I am not sure what their plan is, but I am not sure if this is a concept needed to be tested on with this strategy. It’s like asking if you want an artificial secretary that would understand all your needs and give you information in a few seconds with no cost. Faking a robot with human to test if human needs a robot is kind of a weird concept. Even if you proved that this is a good business model, how do you build the vision technology? You can’t just throw money at people and get vision algorithms that work like human. Some business guys just don’t get it.

It’s possible that with more people using this app, they would obtain a large labeled image database, and can train their algorithms based on that and improve the automatic part to be the best image search on the market. But I can tell you, nope, there is no way their algorithms gonna be half as good as having a human behind. We humans didn’t learn to recognize by scanning through billions of photos, and the fastest path to build a human like vision system would be to have them learn as how we learned.

And by the way, I am glad I didn’t take any pictures that I shouldn’t be taking with the app. I hope you didn’t either.

Back to Basics: Sparse Coding?

In Computer Vision, Neural Science, Paper Talk on May 4, 2013 at 9:04 pm

by Gooly (Li Yang Ku)

Gabor like filters

It’s always good to go back to the reason that lured you into computer vision once in a while. Mine was to understand the brain after I astonishingly realized that computers have no intelligence while I was studying EE in undergrad. In fact if they use the translation “computer” instead of  “electrical brain” in my mother language, I would probably be better off.

Anyway, I am currently revisiting some of the first few computer vision papers I read, and to tell the truth I still learn a lot from reading stuffs I read several times before, which you can also interpret it as I never actually understood a paper.

So back to the papers,

Simoncelli, Eero P., and Bruno A. Olshausen. “Natural image statistics and neural representation.” Annual review of neuroscience 24.1 (2001): 1193-1216.

Olshausen, Bruno A., and David J. Field. “Sparse coding with an overcomplete basis set: A strategy employed by VI?.” Vision research 37.23 (1997): 3311-3326.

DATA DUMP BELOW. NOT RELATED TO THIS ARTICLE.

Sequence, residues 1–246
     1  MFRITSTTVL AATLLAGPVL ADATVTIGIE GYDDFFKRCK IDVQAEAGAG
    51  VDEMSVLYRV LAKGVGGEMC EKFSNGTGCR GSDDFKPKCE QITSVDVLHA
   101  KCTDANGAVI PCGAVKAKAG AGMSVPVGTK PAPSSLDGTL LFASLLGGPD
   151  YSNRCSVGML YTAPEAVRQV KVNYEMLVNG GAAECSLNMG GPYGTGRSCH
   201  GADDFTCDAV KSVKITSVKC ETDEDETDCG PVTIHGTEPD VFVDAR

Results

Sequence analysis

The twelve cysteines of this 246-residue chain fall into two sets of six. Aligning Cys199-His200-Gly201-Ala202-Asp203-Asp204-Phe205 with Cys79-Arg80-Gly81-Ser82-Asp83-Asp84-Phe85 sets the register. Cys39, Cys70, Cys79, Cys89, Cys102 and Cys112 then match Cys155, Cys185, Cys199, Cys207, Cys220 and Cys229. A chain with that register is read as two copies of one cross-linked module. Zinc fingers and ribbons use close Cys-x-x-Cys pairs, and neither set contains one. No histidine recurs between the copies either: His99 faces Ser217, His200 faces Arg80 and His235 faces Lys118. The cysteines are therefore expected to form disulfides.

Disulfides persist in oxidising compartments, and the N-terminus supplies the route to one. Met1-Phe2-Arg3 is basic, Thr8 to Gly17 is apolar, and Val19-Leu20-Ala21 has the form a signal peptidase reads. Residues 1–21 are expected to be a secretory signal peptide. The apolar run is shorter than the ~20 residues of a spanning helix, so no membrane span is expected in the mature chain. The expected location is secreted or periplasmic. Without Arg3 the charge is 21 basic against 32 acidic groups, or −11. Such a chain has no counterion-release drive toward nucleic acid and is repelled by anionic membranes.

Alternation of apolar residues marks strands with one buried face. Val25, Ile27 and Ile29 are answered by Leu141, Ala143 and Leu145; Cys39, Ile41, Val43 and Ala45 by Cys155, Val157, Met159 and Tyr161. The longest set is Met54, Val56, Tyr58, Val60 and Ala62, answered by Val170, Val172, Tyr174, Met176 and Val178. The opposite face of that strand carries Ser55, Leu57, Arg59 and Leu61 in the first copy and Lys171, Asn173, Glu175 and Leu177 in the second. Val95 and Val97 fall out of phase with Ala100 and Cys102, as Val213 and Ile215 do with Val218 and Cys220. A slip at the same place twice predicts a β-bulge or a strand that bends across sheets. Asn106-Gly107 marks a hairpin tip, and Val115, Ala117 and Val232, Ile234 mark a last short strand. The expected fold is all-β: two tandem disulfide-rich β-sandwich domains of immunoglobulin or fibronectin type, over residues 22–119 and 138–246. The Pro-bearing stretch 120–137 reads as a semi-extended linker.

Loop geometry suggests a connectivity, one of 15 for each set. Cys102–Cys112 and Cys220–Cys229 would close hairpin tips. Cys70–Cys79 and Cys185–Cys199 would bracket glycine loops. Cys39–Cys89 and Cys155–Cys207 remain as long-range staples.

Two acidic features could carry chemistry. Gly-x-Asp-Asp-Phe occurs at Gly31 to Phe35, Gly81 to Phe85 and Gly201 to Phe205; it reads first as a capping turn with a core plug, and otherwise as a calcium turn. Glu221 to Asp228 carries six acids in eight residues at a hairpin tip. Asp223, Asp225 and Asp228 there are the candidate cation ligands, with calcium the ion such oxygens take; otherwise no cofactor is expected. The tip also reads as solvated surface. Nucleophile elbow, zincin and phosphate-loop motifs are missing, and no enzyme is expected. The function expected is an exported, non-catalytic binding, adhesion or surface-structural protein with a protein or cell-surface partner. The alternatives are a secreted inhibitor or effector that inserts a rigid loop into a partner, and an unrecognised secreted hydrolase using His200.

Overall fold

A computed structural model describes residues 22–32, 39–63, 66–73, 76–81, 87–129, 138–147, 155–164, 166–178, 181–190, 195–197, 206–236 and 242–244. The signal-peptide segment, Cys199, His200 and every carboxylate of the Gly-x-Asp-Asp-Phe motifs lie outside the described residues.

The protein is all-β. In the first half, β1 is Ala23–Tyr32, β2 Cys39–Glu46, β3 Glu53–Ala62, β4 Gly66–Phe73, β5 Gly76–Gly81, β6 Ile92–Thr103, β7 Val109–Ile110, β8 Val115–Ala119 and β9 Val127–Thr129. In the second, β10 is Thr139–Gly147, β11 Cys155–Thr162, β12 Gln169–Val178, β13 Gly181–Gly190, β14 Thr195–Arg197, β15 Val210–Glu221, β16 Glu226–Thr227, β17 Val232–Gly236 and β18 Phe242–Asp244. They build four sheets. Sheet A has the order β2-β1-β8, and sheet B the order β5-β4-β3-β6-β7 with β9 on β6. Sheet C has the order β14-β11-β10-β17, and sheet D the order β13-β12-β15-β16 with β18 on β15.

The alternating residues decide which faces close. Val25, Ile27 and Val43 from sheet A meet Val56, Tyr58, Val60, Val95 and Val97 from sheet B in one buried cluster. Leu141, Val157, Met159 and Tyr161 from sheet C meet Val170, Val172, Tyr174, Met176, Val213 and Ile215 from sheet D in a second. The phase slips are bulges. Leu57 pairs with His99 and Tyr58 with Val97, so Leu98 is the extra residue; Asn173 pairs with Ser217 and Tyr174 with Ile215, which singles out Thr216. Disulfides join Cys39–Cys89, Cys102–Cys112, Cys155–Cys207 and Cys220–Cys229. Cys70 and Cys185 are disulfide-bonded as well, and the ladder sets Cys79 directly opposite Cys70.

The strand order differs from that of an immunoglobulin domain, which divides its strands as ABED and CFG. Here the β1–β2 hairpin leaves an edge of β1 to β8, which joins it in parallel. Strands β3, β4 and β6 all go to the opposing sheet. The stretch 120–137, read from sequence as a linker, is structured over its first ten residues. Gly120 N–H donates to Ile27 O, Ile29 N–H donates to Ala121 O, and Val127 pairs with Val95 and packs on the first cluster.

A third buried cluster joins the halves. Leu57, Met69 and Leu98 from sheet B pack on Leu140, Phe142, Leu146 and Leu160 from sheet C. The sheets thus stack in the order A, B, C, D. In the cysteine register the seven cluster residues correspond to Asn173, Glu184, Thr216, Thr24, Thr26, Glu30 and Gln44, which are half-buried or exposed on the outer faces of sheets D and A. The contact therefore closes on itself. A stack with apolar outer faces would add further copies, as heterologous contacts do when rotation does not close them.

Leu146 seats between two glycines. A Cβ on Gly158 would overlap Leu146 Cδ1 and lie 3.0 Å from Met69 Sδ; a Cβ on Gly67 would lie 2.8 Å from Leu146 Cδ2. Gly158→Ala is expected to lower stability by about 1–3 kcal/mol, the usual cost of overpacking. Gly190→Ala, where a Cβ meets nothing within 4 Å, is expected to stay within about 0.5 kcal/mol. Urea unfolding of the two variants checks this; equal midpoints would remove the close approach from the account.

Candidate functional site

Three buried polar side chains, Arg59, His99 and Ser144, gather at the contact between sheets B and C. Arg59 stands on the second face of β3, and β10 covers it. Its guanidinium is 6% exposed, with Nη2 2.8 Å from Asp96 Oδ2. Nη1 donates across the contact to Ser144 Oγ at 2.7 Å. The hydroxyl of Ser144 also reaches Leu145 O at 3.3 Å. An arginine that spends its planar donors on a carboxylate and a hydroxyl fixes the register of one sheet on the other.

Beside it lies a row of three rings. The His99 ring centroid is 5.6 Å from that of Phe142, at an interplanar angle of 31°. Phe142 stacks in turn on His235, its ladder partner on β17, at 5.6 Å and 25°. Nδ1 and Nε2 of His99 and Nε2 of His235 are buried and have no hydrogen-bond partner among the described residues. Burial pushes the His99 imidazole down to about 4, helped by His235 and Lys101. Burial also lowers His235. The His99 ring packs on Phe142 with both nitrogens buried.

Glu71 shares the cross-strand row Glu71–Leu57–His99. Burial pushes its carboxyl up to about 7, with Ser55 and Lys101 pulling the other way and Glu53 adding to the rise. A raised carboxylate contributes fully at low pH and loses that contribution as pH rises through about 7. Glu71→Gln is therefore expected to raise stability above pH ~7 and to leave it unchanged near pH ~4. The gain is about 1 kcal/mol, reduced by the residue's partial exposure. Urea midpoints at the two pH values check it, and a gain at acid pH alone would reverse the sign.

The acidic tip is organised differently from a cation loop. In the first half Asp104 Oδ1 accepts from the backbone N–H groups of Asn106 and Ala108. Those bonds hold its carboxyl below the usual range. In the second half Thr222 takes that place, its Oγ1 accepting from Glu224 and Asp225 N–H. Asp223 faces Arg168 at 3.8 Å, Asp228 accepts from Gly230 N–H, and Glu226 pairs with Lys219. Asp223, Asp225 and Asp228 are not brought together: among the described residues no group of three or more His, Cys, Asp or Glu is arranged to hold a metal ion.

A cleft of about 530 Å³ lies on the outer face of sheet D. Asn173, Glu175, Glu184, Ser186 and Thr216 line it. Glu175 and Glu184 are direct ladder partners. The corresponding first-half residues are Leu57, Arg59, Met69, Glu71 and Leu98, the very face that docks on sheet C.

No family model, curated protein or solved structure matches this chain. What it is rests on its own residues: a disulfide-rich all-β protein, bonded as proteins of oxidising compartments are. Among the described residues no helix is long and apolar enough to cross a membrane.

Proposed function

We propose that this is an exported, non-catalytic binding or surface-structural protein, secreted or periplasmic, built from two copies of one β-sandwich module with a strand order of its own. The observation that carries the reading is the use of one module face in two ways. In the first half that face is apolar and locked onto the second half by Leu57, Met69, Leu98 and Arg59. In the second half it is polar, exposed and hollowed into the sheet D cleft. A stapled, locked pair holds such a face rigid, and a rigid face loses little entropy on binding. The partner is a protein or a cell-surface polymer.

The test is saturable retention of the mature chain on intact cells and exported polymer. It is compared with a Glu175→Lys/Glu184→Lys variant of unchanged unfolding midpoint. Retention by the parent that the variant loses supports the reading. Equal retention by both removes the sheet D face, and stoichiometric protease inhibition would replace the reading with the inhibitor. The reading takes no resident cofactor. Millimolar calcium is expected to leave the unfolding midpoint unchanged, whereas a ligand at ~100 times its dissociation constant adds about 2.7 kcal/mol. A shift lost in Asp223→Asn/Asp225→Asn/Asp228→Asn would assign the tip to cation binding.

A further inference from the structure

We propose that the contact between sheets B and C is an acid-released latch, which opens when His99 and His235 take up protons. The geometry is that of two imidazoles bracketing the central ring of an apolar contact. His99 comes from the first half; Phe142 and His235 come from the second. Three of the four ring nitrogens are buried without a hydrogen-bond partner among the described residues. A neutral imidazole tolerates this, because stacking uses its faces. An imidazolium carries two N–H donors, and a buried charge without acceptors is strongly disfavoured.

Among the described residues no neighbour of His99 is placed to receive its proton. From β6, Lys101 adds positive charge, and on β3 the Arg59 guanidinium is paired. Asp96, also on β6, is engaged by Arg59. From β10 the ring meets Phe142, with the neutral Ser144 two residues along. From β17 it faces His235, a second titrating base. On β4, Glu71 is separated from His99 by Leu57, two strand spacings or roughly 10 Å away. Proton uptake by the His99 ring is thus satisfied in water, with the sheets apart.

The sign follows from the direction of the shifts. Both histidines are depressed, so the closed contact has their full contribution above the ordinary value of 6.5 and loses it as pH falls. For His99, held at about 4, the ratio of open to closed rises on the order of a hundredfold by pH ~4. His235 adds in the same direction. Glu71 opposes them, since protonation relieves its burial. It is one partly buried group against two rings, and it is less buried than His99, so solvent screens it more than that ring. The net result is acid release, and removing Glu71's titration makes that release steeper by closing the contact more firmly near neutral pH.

Olshausen, Bruno A. “Emergence of simple-cell receptive field properties by learning a sparse code for natural images.” Nature 381.6583 (1996): 607-609.

These 3 papers are essentially the same, the first two are the spin-offs of the 3rd paper published in Nature. I personally prefer the second paper for reading.

Brain Sparse Coding

In this paper, Bruno explains why overcomplete sparse coding is essential for human vision in a statistical way. The goal is to obtain a set of basis functions that can be used to regenerate an image. (basis functions are filters) This can be viewed as an image encoding problem, but instead of having an encoder that compresses the image to the minimum size, the goal is to also remain sparsity, which means only a small amount of basis are used compared to the whole basis pool. Sparsity has obvious advantage biologically, such as saving energy, but Bruno conjectured that sparsity is also essential to vision and is originated from the sparse structure in natural image.

In order to obtain this set of sparse basis, a sparsity constraint is added to the energy function for optimization. The final result is a set of basis function (image atop) that interestingly looks very similar to Gabor filters which is found in the visual cortex. This some how proves that sparseness is essential in the evolution of human vision.